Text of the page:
The return of the Marvel Cinematic Universe was unprecedented on two fronts: in movie theaters and at home.
Not only did Black Widow set a new pandemic-era benchmark with an $80 million launch at the North American box office (besting the debut of F9: The Fast Saga by a solid $10 million), it raked in an additional $60 million through streamer Disney Plus (which charged a $30 Premier Access fee for in-home viewing). Adding that to domestic theatrical receipts brings Black Widow‘s debut to $140 million, and the additional $78 million earned in theaters internationally raises its three-day total a staggering global cume of $218 million.
Notably, Disney’s reporting of its D-Plus streamer earnings is a first, and serves as a significant break from the standard they’d set to keep those numbers secret. (It should be stressed, too, that the $60 million Disney Plus numbers was global, not merely domestic; Disney did not report how much of that $60 million was earned specifically in North America.)
Previously, the studio has chosen not to report the financial totals for Premier Access offerings such as Mulan, Raya and the Last Dragon, and Cruella, and no hint had been given whether Disney would change that protocol for Black Widow. The fact that they did shows just how much Disney had to brag about.
It also makes one wonder if the change came at the behest of Marvel itself which, for a time, had promised that its theatrical titles would remain theatrical exclusives.
It’s possible that the shift of Black Widow to having a theatrical / Disney Plus hybrid run came with the agreement that Disney would report earnings on both platforms. Doing so helps cement Marvel’s position as the dominant franchise in the movie industry, an important bragging right as it shifts into its post-Avengers Phase 4 era.
Streaming numbers aside, the theatrical showing alone for Black Widow set new pandemic records. Boosted by $13.3 million in Thursday night previews and a single-day pandemic record haul of $39.5 million on Friday, the long overdue solo film for Scarlett Johansson‘s Avenger nearly matched 2019’s opening for Spider-Man: Far From Home, which launched over the same post-July 4th frame to the tune of $92 million. If Black Widow had been a theatrical exclusive, it’s almost certain to have landed landed in the nine-digit stratosphere.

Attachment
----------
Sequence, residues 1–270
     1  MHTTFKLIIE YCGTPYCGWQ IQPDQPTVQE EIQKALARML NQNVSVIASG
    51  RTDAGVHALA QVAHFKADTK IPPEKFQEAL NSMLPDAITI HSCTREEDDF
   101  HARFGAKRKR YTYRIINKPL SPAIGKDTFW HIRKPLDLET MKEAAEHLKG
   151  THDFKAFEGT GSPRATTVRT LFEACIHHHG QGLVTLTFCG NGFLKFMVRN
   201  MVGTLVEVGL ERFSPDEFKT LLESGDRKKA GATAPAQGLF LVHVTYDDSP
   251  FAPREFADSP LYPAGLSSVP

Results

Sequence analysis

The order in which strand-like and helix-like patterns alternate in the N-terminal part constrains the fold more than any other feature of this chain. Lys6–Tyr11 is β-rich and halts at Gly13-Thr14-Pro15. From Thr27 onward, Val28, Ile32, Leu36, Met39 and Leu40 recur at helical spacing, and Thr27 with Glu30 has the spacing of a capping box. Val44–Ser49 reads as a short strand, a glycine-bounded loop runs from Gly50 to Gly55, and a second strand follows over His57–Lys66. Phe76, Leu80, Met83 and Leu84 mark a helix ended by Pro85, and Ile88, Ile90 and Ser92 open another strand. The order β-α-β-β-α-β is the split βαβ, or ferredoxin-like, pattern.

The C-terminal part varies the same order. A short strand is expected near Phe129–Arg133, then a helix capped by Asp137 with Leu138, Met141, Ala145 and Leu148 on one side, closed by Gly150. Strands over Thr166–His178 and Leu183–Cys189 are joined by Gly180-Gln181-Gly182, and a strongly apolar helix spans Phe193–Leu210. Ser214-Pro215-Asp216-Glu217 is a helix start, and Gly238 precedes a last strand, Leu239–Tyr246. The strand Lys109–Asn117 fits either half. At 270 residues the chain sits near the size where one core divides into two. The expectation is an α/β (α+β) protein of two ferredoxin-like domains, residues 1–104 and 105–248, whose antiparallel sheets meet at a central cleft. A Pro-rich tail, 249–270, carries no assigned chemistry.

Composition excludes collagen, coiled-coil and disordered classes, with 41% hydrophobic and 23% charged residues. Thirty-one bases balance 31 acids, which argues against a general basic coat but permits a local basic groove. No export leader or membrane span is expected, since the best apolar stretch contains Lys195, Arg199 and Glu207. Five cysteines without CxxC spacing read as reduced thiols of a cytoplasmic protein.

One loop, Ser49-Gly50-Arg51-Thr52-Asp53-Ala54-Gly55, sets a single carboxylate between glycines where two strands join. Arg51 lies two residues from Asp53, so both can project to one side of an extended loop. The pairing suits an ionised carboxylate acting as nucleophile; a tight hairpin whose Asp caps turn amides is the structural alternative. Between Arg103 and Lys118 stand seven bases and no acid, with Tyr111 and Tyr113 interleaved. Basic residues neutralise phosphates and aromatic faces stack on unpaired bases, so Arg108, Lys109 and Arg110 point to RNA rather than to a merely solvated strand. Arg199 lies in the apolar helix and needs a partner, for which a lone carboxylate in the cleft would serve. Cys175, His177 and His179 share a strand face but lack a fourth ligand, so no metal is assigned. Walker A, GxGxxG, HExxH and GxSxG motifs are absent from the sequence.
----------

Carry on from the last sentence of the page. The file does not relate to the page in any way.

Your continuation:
For further context, Marvel’s Captain Marvel had an explosive $153 million debut back in 2019. The fact that Black Widow nearly equalled that on its combined hybrid release confirms that the pandemic has not dampened audience appetites for what the MCU has to offer.
For Disney, which had to delay Black Widow‘s release multiple times from its original early-May 2020 window, it was clearly worth the wait.
The fact that Black Widow displayed this much strength even when theaters aren’t fully open (20% remain closed) shows just how much power the MCU still wields. It also gives theater owners the best hope yet that if they screen a blockbuster with enough appeal, people will come, even if home-based Video On Demand is an option.
For more perspective, Black Widow‘s made as much money in theaters by the end of Friday as A Quiet Place Part II had earned in four days just over a month ago. That shows just how quickly the escalation of theatrical receipts is trending.
F9 held onto second place, despite an extremely distant net of $10.8 million ($140.8 million total). The Boss Baby: Family Business was third with $8.7 million ($34.7 million total) and The Forever Purge was fourth with $6.7 million ($27.4 million total). All three of those films were released by Universal Studios. Paramount’s A Quiet Place Part II remained in the Top 5 with $3 million and $150.7 million total so far (still tops for all pandemic releases).
That Top 5 helped fuel another pandemic-era high point: this past weekend was the first time since the COVID outbreak broke that the domestic weekend box office surpassed $100 million ($117 million total, to be exact).
Space Jam: A New Legacy will put a full court press on Black Widow when it opens next weekend, but don’t be surprised if Natasha Romanoff and her dysfunctional super-spy assassin family fend off LeBron James and the Looney Tunes like they’re the Red Room.
For now, Disney’s last scheduled dual-platform release comes at the end of this month when Jungle Cruise opens simultaneously in theaters and on Disney Plus. The next Marvel adventure, however, will be a theatrical exclusive for its first 45 days when Shang-Chi and the Legend of the Ten Rings opens on September 3rd. Currently, Disney still hasn’t announced a platform strategy for November’s Eternals.